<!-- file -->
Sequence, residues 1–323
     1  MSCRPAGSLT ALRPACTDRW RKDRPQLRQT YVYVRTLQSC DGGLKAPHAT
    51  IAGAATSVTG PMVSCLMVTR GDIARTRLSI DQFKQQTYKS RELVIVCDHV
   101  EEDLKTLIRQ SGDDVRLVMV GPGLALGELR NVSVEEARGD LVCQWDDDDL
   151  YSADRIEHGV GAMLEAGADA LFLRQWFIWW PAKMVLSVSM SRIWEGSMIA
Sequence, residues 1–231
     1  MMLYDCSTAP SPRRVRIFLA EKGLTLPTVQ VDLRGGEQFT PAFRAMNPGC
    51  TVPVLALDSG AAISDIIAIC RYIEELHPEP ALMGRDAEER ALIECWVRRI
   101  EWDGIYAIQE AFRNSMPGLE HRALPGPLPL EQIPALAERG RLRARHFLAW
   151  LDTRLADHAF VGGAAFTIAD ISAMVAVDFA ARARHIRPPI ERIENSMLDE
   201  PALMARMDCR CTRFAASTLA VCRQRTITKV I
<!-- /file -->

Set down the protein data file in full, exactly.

Sequence, residues 1–323
     1  MSCRPAGSLT ALRPACTDRW RKDRPQLRQT YVYVRTLQSC DGGLKAPHAT
    51  IAGAATSVTG PMVSCLMVTR GDIARTRLSI DQFKQQTYKS RELVIVCDHV
   101  EEDLKTLIRQ SGDDVRLVMV GPGLALGELR NVSVEEARGD LVCQWDDDDL
   151  YSADRIEHGV GAMLEAGADA LFLRQWFIWW PAKMVLSVSM SRIWEGSMIA
Sequence, residues 1–231
     1  MMLYDCSTAP SPRRVRIFLA EKGLTLPTVQ VDLRGGEQFT PAFRAMNPGC
    51  TVPVLALDSG AAISDIIAIC RYIEELHPEP ALMGRDAEER ALIECWVRRI
   101  EWDGIYAIQE AFRNSMPGLE HRALPGPLPL EQIPALAERG RLRARHFLAW
   151  LDTRLADHAF VGGAAFTIAD ISAMVAVDFA ARARHIRPPI ERIENSMLDE
   201  PALMARMDCR CTRFAASTLA VCRQRTITKV I